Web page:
One of the tenets of the Northern Powerhouse is to create transportation improvements between the core cities in order to increase productivity within the area. The North-East corridor has already established strong transportation links by land (A19 & A1), sea (Port of Tyne, Teesport and the Port of Hull), rail (East Coast main line) and air (Newcastle and Durham Tees-Valley Airport). These links have already been utilised by many international corporate investors such as Nissan, however further improvements may soon be on their way. In the 2016 Budget, the UK Government pledged £60 million worth of investment towards the development of ‘High Speed 3’ (HS3). This is the concept of a rail link between Manchester and Leeds decreasing the total travel time between the cities to just 30 minutes. Not only will this bring productivity improvements by way of decreased travel times but also the opportunity for regional stakeholders to get involved. This may be by way of the creation of HS3 or the future sustainability of the scheme and will likely secure a significant amount of jobs for those who are currently finding opportunities for work hard to come by.

Furthermore, the Government has also pledged to reduce Corporation Tax to 17% by 2020. Corporation Tax has already been cut from 28% to 20% in recent years making it currently the lowest within the G20. A further cut will surely make the UK one of the most globally competitive market places for businesses to locate. In doing so this will bring employment, growth and opportunity to the region. The signs are already there that such incentives are bringing new opportunities to the region. Science Central is currently under construction in the West-End of Newcastle City Centre boasting 24 acres of development aimed at promoting science and technology within the region. Newcastle already accommodates world leading science and technology initiatives including Campus North – a programme encouraging digital business start-ups, The Centre for Life – providing world-leading medical research, Siemens – employing thousands of jobs in the region supporting technology and rail development and two National leading universities – Northumbria and Newcastle Universities – creating some of the region’s future business leaders. The North of England has long been considered the home of ‘heavy industry’ however, the promotion of science and technology in the region may suggest the development of a new ‘white coat’ economy within the area. Science Central, and those other similar initiatives, are therefore a significant ‘thumbs-up’ for science and technology development within the region.

Many have suggested that the North is currently heavily sustained by contributions from European Regional Development Fund and without this the North will struggle to sustain growth in the future. Though it is a legitimate point of concern, there are signs that there are initiatives in the pipeline which seek to fill the void this may leave. One of the policies of the 2015 Conservative Government has been to promote the devolution of powers from central government to local authorities, so that resources may be best distributed by regional bodies who have a greater sense of know-how as to areas which most need it. The effects have already been felt in some areas across the North. The Greater Manchester Agreement has delivered not only its first mayoral election, to take place in 2017 but has also secured significant investment in the local economy. This has included a £300 million Housing Investment Fund, powers to share autonomy for health and social care, devolved business and support packages and a consolidated transport budget. Within the North East, similar initiative are already in their infancy such as the North East Combined Authority (NECA), a strategic authority with combined powers over the local economy, transport, development and regeneration. The NECA have recently published targets for securing initiatives in the area creating £400 million investment and 8000 further jobs.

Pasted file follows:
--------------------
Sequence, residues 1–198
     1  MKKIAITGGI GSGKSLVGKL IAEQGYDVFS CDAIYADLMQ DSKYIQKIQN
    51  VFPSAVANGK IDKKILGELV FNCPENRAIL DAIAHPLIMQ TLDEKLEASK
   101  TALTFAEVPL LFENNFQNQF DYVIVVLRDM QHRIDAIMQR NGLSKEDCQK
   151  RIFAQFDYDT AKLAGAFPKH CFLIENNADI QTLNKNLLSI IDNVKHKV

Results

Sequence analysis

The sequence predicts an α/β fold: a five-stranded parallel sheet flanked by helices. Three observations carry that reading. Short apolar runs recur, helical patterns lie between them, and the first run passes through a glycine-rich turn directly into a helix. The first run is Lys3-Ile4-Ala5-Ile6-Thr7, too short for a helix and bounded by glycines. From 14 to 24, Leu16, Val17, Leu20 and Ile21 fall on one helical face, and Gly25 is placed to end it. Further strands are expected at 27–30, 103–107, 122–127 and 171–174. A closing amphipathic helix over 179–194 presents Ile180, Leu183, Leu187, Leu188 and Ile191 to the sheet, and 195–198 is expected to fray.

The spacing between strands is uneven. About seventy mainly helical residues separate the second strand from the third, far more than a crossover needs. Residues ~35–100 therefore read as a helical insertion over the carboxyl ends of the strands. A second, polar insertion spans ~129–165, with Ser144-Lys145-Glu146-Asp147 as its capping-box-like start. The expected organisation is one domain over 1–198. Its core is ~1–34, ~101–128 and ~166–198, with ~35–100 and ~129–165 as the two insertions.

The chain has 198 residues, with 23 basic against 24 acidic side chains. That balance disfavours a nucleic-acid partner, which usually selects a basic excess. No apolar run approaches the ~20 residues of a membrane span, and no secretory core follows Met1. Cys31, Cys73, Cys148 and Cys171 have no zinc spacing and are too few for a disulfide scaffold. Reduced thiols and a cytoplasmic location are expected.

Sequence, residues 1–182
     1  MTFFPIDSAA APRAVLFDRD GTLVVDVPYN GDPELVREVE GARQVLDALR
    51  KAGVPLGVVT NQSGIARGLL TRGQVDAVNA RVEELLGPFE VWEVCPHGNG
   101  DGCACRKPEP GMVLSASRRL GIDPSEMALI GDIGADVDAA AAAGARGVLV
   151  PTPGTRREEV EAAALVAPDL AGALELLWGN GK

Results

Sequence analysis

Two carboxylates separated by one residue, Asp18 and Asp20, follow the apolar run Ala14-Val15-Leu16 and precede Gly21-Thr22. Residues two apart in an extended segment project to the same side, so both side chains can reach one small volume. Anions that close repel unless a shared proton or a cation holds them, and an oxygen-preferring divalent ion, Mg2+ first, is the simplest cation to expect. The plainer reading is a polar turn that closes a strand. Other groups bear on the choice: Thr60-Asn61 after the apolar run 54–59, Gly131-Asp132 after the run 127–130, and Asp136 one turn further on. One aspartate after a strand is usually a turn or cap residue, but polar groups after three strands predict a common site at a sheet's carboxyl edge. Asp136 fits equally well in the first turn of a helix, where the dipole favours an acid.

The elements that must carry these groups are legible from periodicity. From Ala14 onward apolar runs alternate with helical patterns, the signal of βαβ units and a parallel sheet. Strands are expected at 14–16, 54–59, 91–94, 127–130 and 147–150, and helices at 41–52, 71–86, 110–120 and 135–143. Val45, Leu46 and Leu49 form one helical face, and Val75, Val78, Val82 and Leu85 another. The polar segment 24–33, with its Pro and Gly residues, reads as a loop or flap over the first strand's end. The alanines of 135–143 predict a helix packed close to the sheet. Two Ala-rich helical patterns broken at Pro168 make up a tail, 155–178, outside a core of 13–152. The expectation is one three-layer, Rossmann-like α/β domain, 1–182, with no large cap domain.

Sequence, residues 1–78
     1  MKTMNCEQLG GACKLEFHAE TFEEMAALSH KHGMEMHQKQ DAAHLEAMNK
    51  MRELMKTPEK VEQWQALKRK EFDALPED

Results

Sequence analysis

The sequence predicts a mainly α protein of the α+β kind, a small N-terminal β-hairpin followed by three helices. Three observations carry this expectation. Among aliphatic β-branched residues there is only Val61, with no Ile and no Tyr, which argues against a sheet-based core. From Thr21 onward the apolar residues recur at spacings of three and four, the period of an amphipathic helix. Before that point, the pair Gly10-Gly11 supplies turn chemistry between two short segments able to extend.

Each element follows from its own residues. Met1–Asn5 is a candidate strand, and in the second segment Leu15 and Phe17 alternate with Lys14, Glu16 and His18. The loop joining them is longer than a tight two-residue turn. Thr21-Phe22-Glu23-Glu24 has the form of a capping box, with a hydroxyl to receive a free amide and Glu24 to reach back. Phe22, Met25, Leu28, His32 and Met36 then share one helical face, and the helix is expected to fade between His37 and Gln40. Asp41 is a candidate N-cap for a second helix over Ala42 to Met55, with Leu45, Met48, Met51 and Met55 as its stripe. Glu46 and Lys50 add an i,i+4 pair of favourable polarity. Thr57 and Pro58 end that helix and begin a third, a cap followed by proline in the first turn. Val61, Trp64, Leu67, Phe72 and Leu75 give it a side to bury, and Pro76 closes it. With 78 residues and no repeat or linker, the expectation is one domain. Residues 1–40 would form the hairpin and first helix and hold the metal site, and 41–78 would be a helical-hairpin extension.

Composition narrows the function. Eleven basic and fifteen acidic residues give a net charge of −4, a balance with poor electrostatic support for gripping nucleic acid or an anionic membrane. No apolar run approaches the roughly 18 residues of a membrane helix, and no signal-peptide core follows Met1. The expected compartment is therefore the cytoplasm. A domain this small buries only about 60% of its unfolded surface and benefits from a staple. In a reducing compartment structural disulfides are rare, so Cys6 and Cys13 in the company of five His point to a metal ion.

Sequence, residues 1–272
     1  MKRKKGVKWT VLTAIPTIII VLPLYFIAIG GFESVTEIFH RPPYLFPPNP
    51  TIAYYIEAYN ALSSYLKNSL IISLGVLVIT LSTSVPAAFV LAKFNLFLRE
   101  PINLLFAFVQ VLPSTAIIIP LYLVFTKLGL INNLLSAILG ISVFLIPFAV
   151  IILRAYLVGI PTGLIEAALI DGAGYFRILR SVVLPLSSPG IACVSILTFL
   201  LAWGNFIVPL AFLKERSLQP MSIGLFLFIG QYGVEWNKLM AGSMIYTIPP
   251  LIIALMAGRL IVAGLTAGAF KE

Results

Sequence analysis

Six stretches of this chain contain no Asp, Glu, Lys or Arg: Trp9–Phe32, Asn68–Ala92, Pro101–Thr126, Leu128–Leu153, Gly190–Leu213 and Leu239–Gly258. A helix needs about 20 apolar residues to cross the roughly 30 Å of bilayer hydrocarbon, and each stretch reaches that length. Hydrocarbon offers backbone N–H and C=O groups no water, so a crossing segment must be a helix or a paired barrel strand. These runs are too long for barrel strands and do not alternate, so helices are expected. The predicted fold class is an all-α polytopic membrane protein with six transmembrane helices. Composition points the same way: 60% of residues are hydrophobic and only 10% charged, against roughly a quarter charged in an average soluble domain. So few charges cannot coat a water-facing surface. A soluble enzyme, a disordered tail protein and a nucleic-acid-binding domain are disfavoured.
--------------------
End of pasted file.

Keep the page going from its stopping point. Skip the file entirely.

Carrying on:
Overall, despite the initial uncertainties which manifested out of the vote for Brexit, there are signs that the Northern Powerhouse will continue to grow and develop with new and exciting opportunities. There are also signs that the Northern economy is beginning to diversify into new industries a world apart from its traditional ‘heavy industry’ heritage. The signs are there that the ‘Fog on the Tyne’ may soon lift and with it reveal the new ‘Local Hero’.

Matt R

 

This post was written by Mathew Robinson. Mathew is a final year MLaw student at Northumbria University and has secured a training contract with Bond Dickinson for when he completes his studies which he is looking forward to. Mathew is a big Middlesbrough FC fan and in his free time can be found on the football pitches around Newcastle.